(Beyond Pesticides, June 28, 2011) Recent studies have linked Parkinson’s disease to pesticide exposure. In a new article published in the journal Molecular Neurodegeneration, researchers at the University of Missouri School of Medicine take some of the first steps toward understanding this link and unraveling the molecular dysfunction that occurs when proteins are exposed to environmental toxins. The study, “Oxidation of the cysteine-rich regions of parkin perturbs its E3 ligase activity and contributes to protein aggregation,” helps further explain recent NIH findings that demonstrate the link between Parkinson’s disease and two particular pesticides — rotenone and paraquat.
“Fewer than 5 percent of Parkinson’s cases are attributed to genetics, but more than 95 percent of cases have unknown causes,” said Zezong Gu, MD, PhD, assistant professor of pathology and anatomical sciences. “This study provides the evidence that oxidative stress, possibly due to sustained exposure to environmental toxins, may serve as a primary cause of Parkinson’s. This helps us begin to unveil why many people, such as farmers exposed to pesticides, have an increased incidence of the disease.”
Scientists previously understood that Parkinson’s is associated with oxidative stress, which is when electronically unstable atoms or molecules damage cells. The MU study yields more specific information about how oxidative stress causes parkin, a protein responsible for regulating other proteins, to malfunction.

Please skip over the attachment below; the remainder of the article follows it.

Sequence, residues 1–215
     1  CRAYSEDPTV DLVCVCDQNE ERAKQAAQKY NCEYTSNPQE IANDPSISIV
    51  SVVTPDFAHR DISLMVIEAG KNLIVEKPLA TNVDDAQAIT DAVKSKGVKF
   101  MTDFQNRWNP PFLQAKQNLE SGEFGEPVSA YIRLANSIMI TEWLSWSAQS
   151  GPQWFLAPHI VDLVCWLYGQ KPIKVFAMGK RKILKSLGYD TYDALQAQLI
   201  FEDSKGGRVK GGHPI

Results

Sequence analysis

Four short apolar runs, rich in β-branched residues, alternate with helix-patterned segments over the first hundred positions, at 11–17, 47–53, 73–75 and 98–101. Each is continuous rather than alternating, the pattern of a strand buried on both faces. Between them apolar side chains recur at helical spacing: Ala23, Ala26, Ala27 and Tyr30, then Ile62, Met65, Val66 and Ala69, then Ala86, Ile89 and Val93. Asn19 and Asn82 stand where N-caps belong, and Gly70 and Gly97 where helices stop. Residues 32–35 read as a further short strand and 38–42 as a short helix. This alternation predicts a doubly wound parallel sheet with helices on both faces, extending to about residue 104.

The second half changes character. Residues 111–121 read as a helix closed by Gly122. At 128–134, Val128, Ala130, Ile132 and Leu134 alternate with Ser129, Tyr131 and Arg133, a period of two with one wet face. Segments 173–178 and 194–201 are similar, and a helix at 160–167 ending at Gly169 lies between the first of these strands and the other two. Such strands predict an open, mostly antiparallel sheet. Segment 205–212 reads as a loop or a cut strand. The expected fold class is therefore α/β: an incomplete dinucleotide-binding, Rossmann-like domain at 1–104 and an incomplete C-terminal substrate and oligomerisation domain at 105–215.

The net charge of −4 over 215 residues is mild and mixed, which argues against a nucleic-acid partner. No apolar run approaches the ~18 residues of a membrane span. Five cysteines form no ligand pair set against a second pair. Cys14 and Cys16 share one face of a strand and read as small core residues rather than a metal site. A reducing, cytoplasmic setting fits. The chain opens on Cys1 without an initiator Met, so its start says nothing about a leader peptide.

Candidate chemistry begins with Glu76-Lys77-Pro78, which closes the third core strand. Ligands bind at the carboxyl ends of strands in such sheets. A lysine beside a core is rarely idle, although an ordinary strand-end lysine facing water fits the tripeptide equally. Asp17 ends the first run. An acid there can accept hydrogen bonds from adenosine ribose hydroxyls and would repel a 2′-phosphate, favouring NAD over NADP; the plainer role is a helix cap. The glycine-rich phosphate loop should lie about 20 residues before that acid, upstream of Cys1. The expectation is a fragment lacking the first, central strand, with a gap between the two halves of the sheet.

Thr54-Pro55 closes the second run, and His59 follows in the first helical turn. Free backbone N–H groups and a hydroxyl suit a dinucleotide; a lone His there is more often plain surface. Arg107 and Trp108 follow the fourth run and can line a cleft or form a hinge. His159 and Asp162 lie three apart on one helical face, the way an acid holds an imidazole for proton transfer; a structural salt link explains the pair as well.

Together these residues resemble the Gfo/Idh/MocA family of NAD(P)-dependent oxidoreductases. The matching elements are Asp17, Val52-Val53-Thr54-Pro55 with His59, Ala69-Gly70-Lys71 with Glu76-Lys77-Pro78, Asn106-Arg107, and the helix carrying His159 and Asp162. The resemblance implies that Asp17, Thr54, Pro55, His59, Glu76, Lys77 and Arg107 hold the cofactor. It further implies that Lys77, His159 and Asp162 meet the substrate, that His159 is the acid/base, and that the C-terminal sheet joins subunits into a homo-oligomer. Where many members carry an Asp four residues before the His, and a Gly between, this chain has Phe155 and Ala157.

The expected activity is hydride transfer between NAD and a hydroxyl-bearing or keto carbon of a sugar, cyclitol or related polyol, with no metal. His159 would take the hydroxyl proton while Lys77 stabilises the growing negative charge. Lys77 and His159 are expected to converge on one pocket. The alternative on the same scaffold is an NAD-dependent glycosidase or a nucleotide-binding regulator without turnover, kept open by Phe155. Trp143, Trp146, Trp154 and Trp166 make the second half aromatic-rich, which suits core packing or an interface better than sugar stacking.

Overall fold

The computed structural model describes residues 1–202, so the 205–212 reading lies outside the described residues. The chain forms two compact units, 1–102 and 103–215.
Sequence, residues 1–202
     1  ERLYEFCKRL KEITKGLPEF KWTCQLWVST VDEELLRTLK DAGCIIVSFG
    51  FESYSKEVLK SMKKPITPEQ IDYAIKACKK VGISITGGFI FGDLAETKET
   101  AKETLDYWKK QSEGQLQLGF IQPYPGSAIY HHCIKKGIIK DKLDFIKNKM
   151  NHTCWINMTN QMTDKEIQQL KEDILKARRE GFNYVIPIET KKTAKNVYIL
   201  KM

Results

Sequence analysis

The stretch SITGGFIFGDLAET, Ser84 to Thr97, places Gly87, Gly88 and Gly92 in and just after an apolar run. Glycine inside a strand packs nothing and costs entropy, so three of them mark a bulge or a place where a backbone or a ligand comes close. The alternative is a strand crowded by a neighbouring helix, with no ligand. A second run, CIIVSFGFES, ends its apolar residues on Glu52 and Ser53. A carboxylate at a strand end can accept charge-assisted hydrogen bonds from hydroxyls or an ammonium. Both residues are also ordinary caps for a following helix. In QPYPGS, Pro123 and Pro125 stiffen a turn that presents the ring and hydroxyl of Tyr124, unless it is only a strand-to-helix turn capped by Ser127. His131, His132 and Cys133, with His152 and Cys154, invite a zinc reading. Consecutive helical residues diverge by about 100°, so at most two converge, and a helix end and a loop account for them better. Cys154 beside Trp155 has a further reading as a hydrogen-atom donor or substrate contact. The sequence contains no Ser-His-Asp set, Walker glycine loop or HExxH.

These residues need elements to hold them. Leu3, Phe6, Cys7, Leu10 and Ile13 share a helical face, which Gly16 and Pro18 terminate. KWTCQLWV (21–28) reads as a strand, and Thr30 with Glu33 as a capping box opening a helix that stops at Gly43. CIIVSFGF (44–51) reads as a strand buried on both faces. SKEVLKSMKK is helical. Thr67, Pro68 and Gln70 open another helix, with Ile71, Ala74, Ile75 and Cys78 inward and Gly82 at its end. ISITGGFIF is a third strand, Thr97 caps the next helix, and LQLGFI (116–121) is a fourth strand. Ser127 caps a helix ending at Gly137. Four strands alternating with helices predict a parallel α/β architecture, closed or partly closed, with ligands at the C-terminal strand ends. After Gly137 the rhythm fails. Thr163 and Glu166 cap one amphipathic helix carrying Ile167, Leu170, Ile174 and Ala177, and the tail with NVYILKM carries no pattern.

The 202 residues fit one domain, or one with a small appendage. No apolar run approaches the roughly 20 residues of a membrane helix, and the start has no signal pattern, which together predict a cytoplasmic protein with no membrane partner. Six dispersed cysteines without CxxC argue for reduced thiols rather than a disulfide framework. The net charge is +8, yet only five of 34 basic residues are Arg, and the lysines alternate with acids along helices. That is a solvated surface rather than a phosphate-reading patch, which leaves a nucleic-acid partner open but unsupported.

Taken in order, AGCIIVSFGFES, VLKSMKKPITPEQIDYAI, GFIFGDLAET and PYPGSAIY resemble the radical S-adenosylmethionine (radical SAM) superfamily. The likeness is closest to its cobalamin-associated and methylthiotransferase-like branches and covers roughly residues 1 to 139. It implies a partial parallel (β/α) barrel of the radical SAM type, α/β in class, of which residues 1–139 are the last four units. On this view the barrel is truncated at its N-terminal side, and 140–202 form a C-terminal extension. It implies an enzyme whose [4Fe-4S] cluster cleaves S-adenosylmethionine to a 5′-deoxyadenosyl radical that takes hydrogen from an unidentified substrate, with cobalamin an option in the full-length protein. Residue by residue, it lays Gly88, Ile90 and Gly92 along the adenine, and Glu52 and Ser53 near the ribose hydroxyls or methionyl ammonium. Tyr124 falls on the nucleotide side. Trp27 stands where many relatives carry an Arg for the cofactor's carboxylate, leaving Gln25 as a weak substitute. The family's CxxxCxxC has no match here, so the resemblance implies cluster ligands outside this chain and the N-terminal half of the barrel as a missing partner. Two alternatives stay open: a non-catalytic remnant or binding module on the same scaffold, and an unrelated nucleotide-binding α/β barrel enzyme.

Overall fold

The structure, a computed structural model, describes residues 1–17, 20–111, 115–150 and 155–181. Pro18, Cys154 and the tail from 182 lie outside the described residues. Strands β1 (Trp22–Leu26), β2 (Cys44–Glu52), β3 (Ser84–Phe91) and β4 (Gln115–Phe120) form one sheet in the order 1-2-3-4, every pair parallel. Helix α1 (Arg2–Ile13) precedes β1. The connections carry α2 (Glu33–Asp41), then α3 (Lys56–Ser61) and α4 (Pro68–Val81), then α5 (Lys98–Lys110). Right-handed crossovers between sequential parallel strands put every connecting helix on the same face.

Dr. Gu and his Sanford-Burnham Medical Research Institute colleagues invented a new antibody that allowed them to detect how oxidative stress affected proteins when exposed to a variety of environmental toxins, such as the pesticide rotenone. They then specifically demonstrated how oxidative stress caused parkin proteins to cluster together and malfunction, rather than performing normally by cleaning up damaged proteins.
“This whole process progresses into Parkinson’s disease,” Dr. Gu said. “We illustrated the molecular events that lead to the more common form of the disorder in the vast majority of cases with unknown causes. Knowing this, we can find ways to correct, prevent and reduce the incidence of this disease.”
Researchers used mass spectrometry to analyze findings. They measured parkin fragments, pinpointed whether the proteins were modified and where that modification occurred. This enabled them to map the location of parkin oxidation and further compare these events with genetic mutations in patients with Parkinson’s disease reported in the literature. Their findings demonstrated that parkin protein oxidation in certain locations corresponds with the location of mutations. They then sought to determine the outcome of the modification — finding their results to be consistent in multiple disease models, including cell cultures and tissue samples from rodents, monkeys and human postmortem Parkinson’s patients.
The second most common neurodegenerative disease, Parkinson’s disease occurs when nerve cells in the substantia nigra region of the brain are damaged or destroyed and can no longer produce dopamine, a nerve-signaling molecule that helps control muscle movement. People with Parkinson’s have a variety of symptoms including loss of muscle control, trembling and lack of coordination. They may also experience anxiety, constipation, dementia, depression, urinary difficulties, and sleep disturbances. Over time, symptoms intensify. At least one million Americans have Parkinson’s and about 50,000 new cases are diagnosed each year. With less than one percent of cases caused by genetics, researchers have been looking for the potential risk factors for developing Parkinson’s disease.
For more information on the link between pesticides and common diseases and disorders, see Beyond Pesticides’ Pesticide-Induced Diseases Database.